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RECONSIDER


Reconsidering the Gluten Free Diet


< BY GLORIA ATKINSON > A


protein found in grains like wheat, rye, barley, kamut and spelt, gluten also in- cludes couscous, oat bran and semolina. Gluten is also found in packaged foods


(i.e. hydrolyzed vegetable protein) and condiments (like mustard) and alcoholic drinks (like beer). Becoming increasingly popular in Hollywood


with the stars claiming great health benefits, the gluten free diet was never intended as a recipe for weight loss. Adopting a gluten free lifestyle is not a choice for people who genuinely suffer from ce- liac disease or gluten sensitivity.


Celiacs have an


adverse physiological reaction to gluten (symptoms include abdominal pain, bloating, diarrhea); glu- ten must be eliminated from the diet to resolve these symptoms. Electing to exclude gluten from the diet can re-


sult in low levels of important nutrients found in foods containing gluten, including fiber, iron and B vitamins. So careful substitution and possibly supplementation is required. Nowadays there are an abundance of gluten


free products available on the market. However, following a gluten free diet is not as simple as swap- ping one packaged food for another. Just because a product is labeled “gluten free” doesn’t necessarily mean it is low in calories, fat or sugar. Often these foods exchange wheat based ingredients for white rice flour or potato starch, which not only offer little nutritional value, but they can also spike your


blood sugar—not the result you want if you are try- ing to lose weight. Basically gluten free diets are comprised of foods


that are important staples to any healthy, balanced eating plan, including whole fruits, vegetables, lean proteins, nuts, low fat dairy, and such super foods as Quinoa and Amaranth. Because you drop the high calorie foods like candy, cake, processed meats, fried food, creamed based soups and sauces and beer (all of which contain gluten) one of the initial side ef- fects may be weight loss, but there are no guaran- tees. Eliminating these processed foods from your diet will contribute to health, regardless of whether they contain gluten. If you have symptoms of celiac disease, food


sensitivities or allergies contact your naturopathic or health practitioner. If you are simply looking to slim down, begin with a sensible diet, watch your portion sizes and add exercise to your daily routine. You could also start by trying to cut back on your sugar intake.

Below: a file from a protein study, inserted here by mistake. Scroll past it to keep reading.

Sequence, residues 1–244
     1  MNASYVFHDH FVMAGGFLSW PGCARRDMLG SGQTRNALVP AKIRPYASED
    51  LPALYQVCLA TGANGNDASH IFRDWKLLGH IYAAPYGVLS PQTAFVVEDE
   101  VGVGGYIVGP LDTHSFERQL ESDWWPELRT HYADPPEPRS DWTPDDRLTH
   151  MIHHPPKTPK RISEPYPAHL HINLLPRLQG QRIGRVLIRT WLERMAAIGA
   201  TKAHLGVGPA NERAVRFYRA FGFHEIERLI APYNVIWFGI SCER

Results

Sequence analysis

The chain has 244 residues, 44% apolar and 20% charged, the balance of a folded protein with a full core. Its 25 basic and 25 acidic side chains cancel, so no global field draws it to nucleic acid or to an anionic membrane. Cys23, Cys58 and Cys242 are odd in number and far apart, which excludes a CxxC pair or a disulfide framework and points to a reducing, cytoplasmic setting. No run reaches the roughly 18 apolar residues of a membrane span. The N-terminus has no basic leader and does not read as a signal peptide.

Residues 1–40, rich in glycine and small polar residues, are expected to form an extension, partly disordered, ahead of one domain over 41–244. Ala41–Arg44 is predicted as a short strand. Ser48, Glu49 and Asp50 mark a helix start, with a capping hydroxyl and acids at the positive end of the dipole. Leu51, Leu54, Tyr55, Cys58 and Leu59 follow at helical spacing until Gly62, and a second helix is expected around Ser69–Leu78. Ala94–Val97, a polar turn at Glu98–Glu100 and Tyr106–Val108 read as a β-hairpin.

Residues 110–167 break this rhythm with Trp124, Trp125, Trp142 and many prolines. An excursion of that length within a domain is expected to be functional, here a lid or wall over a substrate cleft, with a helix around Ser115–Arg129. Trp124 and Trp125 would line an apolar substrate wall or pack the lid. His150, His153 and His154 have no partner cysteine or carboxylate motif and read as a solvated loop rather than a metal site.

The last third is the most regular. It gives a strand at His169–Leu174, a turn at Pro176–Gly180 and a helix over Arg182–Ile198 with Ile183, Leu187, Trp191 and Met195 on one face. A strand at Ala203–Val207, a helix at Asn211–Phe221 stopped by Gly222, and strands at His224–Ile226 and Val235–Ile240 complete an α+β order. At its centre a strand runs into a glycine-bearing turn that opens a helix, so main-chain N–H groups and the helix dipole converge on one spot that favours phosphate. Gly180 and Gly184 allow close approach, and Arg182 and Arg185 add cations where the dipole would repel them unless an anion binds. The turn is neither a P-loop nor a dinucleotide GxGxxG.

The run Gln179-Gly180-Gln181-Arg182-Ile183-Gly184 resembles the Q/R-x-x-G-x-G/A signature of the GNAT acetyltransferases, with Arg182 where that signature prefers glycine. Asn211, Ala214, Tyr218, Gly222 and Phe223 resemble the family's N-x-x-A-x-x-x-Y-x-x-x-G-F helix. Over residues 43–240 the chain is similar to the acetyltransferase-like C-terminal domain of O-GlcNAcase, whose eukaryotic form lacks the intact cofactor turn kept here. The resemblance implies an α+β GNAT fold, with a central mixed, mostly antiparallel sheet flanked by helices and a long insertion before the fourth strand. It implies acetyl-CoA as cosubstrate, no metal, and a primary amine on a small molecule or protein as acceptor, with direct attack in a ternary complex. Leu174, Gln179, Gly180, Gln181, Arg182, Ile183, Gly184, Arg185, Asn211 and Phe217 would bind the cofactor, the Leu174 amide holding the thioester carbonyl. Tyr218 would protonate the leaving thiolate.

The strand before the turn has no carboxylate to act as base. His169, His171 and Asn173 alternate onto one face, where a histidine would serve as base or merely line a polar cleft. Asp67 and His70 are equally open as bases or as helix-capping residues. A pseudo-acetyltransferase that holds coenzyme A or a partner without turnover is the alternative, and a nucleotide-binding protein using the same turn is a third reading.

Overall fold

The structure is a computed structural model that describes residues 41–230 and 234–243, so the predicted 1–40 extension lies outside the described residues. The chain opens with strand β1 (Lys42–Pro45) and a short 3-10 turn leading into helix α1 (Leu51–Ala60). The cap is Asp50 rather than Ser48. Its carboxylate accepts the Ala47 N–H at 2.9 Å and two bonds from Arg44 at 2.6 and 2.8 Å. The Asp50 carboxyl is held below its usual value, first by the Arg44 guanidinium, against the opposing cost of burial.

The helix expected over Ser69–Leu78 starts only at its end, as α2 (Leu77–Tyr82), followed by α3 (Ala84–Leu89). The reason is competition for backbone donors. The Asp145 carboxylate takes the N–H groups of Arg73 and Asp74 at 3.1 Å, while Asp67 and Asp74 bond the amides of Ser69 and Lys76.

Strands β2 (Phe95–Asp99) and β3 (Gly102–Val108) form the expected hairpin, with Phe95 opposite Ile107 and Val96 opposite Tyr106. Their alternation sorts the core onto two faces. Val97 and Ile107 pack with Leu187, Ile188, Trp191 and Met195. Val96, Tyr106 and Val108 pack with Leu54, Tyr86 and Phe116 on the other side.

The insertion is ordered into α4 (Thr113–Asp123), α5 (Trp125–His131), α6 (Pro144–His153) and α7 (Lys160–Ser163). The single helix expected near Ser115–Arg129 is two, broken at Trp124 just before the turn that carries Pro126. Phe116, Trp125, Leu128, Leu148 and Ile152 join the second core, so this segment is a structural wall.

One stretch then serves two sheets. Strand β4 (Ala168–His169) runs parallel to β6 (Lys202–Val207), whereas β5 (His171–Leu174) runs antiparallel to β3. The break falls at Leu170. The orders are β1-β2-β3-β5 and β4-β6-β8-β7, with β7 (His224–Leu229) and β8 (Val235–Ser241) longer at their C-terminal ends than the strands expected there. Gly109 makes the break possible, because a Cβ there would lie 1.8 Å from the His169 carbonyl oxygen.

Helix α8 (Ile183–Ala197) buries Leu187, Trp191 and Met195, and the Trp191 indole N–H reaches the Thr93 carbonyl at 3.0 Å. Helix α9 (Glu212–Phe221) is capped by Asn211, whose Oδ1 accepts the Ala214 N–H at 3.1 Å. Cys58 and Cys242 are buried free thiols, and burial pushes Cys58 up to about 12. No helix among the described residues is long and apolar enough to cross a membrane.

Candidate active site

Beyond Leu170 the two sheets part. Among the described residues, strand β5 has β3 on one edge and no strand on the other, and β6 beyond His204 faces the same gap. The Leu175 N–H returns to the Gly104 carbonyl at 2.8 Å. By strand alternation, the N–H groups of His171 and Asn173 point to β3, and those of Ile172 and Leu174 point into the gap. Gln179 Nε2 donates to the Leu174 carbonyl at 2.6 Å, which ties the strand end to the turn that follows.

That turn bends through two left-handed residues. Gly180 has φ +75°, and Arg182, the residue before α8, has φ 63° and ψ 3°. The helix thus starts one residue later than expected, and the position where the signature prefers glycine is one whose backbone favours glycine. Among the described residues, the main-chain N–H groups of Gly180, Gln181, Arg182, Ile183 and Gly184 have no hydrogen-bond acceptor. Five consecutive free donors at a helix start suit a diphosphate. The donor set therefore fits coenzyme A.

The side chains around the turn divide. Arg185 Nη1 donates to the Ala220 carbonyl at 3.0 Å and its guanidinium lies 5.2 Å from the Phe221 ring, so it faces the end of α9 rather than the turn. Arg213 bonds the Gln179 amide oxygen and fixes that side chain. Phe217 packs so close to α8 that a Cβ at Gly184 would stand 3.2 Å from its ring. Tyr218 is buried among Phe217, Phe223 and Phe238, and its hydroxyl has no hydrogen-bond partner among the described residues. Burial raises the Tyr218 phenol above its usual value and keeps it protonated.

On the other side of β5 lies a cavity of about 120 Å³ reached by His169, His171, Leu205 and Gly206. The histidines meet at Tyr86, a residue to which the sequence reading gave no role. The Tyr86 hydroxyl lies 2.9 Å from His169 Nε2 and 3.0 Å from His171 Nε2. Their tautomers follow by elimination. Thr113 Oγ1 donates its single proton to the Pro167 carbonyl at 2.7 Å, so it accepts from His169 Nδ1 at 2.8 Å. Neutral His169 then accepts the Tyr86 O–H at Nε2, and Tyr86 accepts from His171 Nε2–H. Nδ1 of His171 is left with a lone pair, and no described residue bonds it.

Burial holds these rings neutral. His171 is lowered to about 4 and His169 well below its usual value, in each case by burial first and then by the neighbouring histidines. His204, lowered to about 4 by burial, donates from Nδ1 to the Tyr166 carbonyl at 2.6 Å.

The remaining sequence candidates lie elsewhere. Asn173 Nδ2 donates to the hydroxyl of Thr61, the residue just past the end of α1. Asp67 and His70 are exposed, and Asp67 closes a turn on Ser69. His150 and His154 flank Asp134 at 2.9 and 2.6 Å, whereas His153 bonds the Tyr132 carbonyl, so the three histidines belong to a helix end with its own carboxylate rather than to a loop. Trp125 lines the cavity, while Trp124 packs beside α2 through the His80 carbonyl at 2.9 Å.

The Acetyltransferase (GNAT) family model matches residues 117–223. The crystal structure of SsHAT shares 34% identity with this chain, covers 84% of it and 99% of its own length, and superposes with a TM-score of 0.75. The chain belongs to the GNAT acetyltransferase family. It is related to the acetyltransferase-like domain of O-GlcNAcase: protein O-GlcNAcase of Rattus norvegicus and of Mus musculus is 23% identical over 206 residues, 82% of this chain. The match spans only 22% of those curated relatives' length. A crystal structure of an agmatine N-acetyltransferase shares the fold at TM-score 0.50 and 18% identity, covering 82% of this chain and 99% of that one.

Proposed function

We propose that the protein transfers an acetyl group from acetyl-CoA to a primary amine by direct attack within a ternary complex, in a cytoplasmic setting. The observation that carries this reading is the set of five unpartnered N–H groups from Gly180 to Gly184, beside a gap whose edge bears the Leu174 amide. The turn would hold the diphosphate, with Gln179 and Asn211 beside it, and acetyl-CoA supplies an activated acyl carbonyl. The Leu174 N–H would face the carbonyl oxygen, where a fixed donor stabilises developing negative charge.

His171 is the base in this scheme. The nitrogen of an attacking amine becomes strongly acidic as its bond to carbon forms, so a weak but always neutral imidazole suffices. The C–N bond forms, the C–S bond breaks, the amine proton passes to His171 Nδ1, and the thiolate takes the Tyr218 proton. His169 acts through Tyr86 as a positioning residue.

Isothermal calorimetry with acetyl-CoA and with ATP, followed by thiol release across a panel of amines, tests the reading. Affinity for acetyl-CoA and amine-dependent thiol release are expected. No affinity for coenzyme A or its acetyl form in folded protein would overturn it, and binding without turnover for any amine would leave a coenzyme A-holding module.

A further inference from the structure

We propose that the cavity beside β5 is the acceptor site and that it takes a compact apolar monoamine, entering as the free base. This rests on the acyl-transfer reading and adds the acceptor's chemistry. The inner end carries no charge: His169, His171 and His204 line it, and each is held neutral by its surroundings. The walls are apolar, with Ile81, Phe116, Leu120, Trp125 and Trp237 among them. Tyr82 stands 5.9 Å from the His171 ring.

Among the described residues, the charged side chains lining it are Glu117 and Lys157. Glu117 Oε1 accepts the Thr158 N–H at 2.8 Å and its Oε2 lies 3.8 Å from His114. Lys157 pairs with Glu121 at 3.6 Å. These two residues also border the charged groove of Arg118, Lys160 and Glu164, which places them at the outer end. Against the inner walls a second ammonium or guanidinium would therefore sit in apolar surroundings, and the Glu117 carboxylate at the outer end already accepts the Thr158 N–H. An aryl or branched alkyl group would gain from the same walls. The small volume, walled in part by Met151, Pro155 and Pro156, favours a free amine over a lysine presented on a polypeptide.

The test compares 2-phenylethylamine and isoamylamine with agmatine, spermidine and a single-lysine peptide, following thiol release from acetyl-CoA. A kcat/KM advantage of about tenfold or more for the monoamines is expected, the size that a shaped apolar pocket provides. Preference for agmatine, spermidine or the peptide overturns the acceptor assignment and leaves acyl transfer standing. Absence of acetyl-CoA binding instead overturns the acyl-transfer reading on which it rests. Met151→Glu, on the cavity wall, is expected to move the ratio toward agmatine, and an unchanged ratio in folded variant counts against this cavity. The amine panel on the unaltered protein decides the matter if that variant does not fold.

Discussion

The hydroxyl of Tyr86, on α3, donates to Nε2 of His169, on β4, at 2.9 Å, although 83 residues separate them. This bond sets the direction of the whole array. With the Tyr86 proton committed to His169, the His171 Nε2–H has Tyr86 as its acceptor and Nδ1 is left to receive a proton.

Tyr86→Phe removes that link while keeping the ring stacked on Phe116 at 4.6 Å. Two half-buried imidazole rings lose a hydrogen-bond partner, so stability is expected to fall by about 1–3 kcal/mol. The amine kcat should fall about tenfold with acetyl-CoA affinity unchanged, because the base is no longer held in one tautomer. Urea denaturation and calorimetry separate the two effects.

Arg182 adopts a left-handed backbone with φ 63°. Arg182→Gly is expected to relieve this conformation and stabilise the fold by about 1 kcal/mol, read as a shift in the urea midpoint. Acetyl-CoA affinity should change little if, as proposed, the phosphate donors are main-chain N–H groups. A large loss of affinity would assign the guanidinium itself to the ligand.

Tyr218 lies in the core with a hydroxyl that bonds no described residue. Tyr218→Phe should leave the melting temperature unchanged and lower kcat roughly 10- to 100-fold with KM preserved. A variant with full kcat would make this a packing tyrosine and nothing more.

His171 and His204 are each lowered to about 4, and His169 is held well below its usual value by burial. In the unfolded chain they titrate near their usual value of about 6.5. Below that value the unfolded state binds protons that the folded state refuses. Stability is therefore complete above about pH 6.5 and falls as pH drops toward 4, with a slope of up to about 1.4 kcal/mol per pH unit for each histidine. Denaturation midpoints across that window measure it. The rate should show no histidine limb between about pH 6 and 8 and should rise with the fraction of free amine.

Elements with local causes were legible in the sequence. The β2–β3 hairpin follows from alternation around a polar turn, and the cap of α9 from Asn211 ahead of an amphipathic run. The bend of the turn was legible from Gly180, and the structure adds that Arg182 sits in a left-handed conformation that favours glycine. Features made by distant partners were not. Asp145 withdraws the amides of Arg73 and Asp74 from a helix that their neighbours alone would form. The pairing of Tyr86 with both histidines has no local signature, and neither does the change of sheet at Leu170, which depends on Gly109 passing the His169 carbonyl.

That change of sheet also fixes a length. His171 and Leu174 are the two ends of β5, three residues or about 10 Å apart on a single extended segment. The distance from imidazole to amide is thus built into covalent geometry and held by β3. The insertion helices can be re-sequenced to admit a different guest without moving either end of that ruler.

Gloria has been in the fitness industry for almost 30 years, and with Ontario Racquet Club for 24! Currently ORC’s Group Fitness Director (and qualified to teach everything from Pilates to Group Power), Gloria is also a Certified


Holistic Nutritionist (RHN), an ROHP Registered Orthomolecular Health Practitioner and a certified Reflexologist.


Double Chocolate Gluten Free Applesauce Muffins


Recipe by Janet Bulger, ORC Member


Equipment: Muffin tray, muffin cups, large bowl, pot, medium bowl


Ingredients


1/2 cup unsalted butter (1 stick)


3 squares of unsweetened chocolate (3 oz) 1 cup brown sugar 1 1/2 cups apple sauce 3 eggs beaten


1 teaspoon vanilla extract 1 1/2 cups brown rice flour 1 teaspoon baking soda 1/2 teaspoon salt 1/4 cup cocoa powder 1/4 cup ground flax


Optional


1/2 cup of one type of nuts (walnuts, hazelnuts, almonds, etc.) 1/2 cup berries


28 CLUBLIFE SPRING 2012


1/2 cup chocolate chips Anything you can think of …


Directions Preheat oven to bake at 350 Degrees Fahrenheit. Melt butter and chocolate together. Mix together flour, baking soda, salt, flax and cocoa in a large bowl. Let chocolate cool, add sugar, applesauce, eggs and vanilla. Add wet mixture to dry and mix. Bake for 30 minutes or un- til toothpick comes clean.


Alternatives


This batter can be used for a layer cake - bake a little longer in two 9 inch greased and brown rice floured pans.


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